How to care for your trees after pruning

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If you enjoy having trees growing on your property, you will want to keep them in a healthy and safe condition. The best way to achieve this is by using an experienced, qualified arborist to carry out routine, annual lopping and maintenance work on your trees.

But how do you help your trees to recover from their makeover once the work is complete? Read on for some helpful information on how to care for your trees post-pruning.

1. Care for Pruning Wounds
It’s always better to have your trees pruned during the cooler months of the year when there is less insect activity and the trees are not actively growing. Pruning at this time of year keeps pest infection rates down and reduces stress on the trees.

Although it’s necessary to keep your trees healthy and to encourage good growth and fruiting, lopping or pruning creates wounds on the trees’ branches that can take time to heal. These wounds can precipitate the entry of diseases and pathogens, which could damage or even kill the tree.

Trees have their own natural method of healing. They grow growing new tissue over the pruning wounds, creating a natural barrier to disease and decay. The new growth stems from a part of the tree called the ‘branch collar’, which is the swollen area of tissue on the tree trunk from which the branch grows. An experienced arborist will always ensure that the branches are lopped in such a way that the branch collar is left intact and in place, causing minimal damage and therefore enabling the tree to heal itself.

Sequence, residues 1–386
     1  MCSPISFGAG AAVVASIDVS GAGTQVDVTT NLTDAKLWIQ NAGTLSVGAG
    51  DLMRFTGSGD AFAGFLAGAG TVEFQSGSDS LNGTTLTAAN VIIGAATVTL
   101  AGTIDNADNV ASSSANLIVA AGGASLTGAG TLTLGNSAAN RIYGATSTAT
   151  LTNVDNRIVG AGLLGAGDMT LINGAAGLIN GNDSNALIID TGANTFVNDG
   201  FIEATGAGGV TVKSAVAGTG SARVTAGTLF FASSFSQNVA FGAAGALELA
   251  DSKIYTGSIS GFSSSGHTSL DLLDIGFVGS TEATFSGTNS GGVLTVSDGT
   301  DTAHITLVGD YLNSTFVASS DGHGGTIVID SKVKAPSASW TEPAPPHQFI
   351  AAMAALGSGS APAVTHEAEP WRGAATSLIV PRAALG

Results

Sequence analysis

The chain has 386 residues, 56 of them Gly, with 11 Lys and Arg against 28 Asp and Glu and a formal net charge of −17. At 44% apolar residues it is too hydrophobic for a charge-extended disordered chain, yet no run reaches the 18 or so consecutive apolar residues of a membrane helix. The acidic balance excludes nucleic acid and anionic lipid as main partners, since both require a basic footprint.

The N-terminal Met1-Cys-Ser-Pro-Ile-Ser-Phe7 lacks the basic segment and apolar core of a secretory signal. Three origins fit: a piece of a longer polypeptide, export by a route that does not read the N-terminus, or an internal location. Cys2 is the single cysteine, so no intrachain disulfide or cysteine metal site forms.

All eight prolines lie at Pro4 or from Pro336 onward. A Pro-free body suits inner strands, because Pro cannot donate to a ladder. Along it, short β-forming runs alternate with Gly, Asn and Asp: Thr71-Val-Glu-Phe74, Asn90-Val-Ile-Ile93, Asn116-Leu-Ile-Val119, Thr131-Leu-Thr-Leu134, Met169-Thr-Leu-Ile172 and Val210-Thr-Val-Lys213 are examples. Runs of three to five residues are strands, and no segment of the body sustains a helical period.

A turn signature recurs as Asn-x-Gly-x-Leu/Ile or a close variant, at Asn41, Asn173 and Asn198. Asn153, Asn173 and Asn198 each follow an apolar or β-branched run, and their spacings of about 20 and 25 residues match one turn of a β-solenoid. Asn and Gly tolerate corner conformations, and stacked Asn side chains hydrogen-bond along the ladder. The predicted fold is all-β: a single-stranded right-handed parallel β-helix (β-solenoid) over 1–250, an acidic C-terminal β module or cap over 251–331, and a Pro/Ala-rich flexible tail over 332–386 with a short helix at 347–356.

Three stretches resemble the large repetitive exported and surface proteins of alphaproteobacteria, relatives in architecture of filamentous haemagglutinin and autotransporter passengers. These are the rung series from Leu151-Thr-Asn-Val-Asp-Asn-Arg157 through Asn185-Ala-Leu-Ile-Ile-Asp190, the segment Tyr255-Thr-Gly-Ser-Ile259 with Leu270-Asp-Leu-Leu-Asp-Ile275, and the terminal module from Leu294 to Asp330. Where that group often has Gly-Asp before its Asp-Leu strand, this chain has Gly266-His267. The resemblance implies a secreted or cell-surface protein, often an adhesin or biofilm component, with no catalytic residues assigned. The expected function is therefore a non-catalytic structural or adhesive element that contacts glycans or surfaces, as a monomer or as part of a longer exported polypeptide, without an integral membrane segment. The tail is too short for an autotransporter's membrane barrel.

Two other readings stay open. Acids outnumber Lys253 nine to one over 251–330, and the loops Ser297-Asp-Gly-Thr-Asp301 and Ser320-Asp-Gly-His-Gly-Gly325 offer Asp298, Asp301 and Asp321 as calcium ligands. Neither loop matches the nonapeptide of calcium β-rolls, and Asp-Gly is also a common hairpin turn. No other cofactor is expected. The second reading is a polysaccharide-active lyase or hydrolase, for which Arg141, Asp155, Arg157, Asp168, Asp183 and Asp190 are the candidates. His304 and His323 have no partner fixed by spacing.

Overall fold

If you decide to carry out a little light pruning yourself between the arborists’ visits, always wash your pruning tools in a mild disinfectant solution before and after using them. This helps to prevent the spread of diseases between trees.

2. Don’t Apply Wound Dressings
Although gardeners traditionally applied wound dressings, such as latex paint or creosote, to pruning wounds, arborists no longer recommend wound dressings. Sealing the wood with a wound dressing merely traps moisture inside, which encourages the growth of fungus and predisposes the wood to rotting. In turn, fungus and wood rot often provide an entry point for insect pests and airborne diseases.

Don’t panic if your trees begin to ‘bleed’ sap immediately following lopping. This is to be expected, and the exudate should stop weeping within a day or so of the tree being pruned.

If trees in your garden have been pruned to remove diseased branches, ask your arborist whether you should lightly paint the pruning wounds with a fungicide or insecticide product as a preventative measure. However, no other form of wound dressing should be used.

3. Encourage Rehydration
Pruning causes stress to trees. A good way of helping to combat this stress is to make sure that the trees are well-hydrated post-lopping, especially during periods of dry weather. After pruning, your trees will put out new shoots, and it’s important to provide this new growth with plenty of water. If you have fruit trees, you may want to add a small amount of suitable fertiliser to the water to boost new leafy growth.

Before watering, check that the soil around the tree’s base is not compacted, otherwise the water will simply run away and the tree will gain no benefit from it. You can aerate the soil by loosening it with a garden fork.

Help Your Trees to Grow After Pruning
Giving your trees the correct care after they have been pruned is just as important as ensuring that their annual maintenance visit takes place. For more advice and information on pruning and other tree care matters, why not have a chat with the helpful experts at All About Trees?

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